(Hordeolum): STYE

STYE (Hordeolum):
A stye is a bacterial infection of a gland in the upper or lower eye lid. This can lead to a bump or a swollen area on the
lid that is often tender to the touch. Though uncomfortable these usually pose no threat to vision. The medical term for
this type of infection is a Hordeolum.
The area of the eyelid that is swollen may vary depending on the location of the infection in the gland. A stye can
appear as a bump with a “head” that may be seen on the surface of the lid. However, the “head” may also be under the
lid, leading to diffuse swelling of the lid. These glands contribute to the production of tears and therefore the eye may
feel gritty or scratchy with an active infection.
The type of treatment will vary, depending on the amount of lid tissue involved and the spread of the
infection to other glands.
In mild cases, treatment may be limited to warm compresses and gentle lid cleansing.
In moderate cases topical antibiotics may be added.
In severe cases where infection has spread throughout the lid oral antibiotics may be needed.
Risks Increases with:
*Blepharitis (an infection of the eye lid margin)
*Chronic skin conditions (such as Acne)
*History of styes
Cleansing the eyelid margin with commercial “lid scrubs”, sterilids or baby shampoo can decrease the level of normal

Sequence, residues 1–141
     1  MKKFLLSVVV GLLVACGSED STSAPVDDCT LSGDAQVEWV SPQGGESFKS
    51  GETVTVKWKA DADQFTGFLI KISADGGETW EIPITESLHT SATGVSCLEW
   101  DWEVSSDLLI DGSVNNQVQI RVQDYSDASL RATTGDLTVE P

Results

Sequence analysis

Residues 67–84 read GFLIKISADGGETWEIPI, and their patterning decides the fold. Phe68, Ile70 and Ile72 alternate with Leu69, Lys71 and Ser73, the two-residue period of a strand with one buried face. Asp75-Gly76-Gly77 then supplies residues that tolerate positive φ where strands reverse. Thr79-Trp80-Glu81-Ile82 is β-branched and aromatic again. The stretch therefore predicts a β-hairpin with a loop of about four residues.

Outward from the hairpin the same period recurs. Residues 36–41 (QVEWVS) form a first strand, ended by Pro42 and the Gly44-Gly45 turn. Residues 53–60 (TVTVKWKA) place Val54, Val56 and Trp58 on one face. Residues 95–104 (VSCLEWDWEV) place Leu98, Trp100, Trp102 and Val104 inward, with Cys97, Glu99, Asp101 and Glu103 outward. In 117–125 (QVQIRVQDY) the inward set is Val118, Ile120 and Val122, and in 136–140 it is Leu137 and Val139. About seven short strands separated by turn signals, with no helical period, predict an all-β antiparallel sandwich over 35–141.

bacterial that lives there and reduce the risk of infection. Routinely discard eye makeup every 4 to 6 months and
refraining from sharing eye makeup.
The most common complication is the formation of scar tissue in the lid called a Chalazion. This is a firm knot in the lid
that is not painful or red. This “lump” can be reduced with warm compresses and gentle massage. In more severe
presentations surgical excision may be necessary. Rarely the infection can spread from the lid to the eye orbit and
surrounding tissue. This is a more serious condition called Preseptal (or in more severe cases Orbital) Cellulitis which if
left untreated can be life threatening. The progression to this condition is signified by the development of a fever. It is
important not to squeeze or poke the stye as this can lead to the spread of the infection.
The UHC Vision Clinic is available to students, student's spouses/partners, faculty/staff, and dependents.
It offers the full range of optometric care as well as a large retail inventory of frames and lenses.
Appointments are necessary and can be made online (students) or by phone.
Call 706-542-5617 or visit http://www.uhs.uga.edu/services/vision_clinic.html